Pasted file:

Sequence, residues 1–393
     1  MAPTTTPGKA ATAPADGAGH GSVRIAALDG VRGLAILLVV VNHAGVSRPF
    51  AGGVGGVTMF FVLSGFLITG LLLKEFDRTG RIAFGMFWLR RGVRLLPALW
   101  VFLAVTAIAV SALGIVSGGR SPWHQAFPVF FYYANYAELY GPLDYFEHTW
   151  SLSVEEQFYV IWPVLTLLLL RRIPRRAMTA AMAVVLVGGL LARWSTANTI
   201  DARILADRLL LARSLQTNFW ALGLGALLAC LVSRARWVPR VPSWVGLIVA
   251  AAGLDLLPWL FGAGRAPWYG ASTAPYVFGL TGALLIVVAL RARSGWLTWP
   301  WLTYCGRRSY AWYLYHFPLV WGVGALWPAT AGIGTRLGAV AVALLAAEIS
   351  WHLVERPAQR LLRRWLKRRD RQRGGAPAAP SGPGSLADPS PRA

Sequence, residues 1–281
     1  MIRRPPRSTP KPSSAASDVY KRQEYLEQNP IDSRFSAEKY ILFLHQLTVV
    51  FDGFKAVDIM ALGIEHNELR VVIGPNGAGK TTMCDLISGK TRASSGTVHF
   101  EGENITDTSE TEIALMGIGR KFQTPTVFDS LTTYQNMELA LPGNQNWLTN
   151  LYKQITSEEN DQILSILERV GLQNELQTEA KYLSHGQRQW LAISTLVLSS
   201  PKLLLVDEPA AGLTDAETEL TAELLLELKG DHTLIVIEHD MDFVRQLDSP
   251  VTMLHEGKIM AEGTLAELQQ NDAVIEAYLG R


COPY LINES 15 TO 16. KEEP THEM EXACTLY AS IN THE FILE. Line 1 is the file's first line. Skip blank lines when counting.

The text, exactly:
   201  PKLLLVDEPA AGLTDAETEL TAELLLELKG DHTLIVIEHD MDFVRQLDSP
   251  VTMLHEGKIM AEGTLAELQQ NDAVIEAYLG R